From a book that I’m reading, “Setting the Table” by Danny Meyer:

It may seem implicit in the philosophy of enlightened hospitality that the employee is constantly setting aside personal needs and selflessly taking care of others.  But the real secret of its success is to hire people to whom caring for others is, in fact, a selfish act.  I call these people hospitalitarians.  A special type of personality thrives on providing hospitality, and it’s crucial to our success that we attract people who possess it.  Their source of energy is rarely depleted.  In fact, the more opportunities hospitalitarians have to care for other people, the better they feel.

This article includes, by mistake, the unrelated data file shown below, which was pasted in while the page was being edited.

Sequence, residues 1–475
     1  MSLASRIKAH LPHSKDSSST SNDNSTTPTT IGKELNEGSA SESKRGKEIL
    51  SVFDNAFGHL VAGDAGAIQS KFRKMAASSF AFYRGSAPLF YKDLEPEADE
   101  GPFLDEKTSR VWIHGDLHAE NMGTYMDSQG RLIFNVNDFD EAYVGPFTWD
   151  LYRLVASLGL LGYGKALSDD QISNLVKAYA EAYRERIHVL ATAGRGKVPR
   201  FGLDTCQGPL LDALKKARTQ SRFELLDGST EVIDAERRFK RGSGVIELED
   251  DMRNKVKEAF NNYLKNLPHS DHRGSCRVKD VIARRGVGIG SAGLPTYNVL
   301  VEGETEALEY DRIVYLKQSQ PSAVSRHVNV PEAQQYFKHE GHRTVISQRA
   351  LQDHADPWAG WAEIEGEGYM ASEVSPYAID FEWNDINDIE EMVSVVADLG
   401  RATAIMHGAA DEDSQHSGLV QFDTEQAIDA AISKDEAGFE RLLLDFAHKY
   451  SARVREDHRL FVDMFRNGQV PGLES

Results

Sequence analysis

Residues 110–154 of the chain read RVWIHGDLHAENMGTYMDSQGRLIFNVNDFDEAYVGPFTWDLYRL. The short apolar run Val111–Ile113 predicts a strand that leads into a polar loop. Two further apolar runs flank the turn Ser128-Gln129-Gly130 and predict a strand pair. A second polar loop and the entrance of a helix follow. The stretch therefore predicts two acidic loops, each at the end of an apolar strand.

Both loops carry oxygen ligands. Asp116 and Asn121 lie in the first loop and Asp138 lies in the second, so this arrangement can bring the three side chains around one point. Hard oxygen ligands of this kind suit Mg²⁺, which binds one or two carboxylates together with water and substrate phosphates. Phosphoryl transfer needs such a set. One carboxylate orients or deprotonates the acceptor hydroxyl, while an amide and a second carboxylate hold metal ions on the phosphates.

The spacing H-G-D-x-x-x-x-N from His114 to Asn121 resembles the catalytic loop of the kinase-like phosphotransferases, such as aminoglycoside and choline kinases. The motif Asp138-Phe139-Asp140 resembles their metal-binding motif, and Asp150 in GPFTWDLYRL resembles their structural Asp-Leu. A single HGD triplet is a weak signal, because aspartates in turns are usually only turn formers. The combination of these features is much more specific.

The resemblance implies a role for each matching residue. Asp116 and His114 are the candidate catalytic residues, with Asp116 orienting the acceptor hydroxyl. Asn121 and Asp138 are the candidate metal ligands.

I was attempting to explain, or rather articulate, this point to a friend just last week and I think that Meyer (or his ghost-writer) put it so eloquently that I had to share it.  I was having quite a in-depth conversation with a very good friend about life and changes in direction, etc.  He was telling me that I needed to make sure that I was choosing a path for myself and not for someone else.  At the time I couldn’t quite articulate that as a ‘hospitalitarian’ it is not easy to make a choice for myself or to even act selfishly.  That is not to say that hospitalitarians cannot act selfishly, I’m sure that we can, but that it is much harder for us to make a decision that only affects ourselves.  Boiling it down, it is much easier for people like us to act on a decision when we know that it will benefit others more than ourselves.  We thrive on serving others and doing so does bring us joy and energy and often times that is just the motivation that we need to do something for ourselves.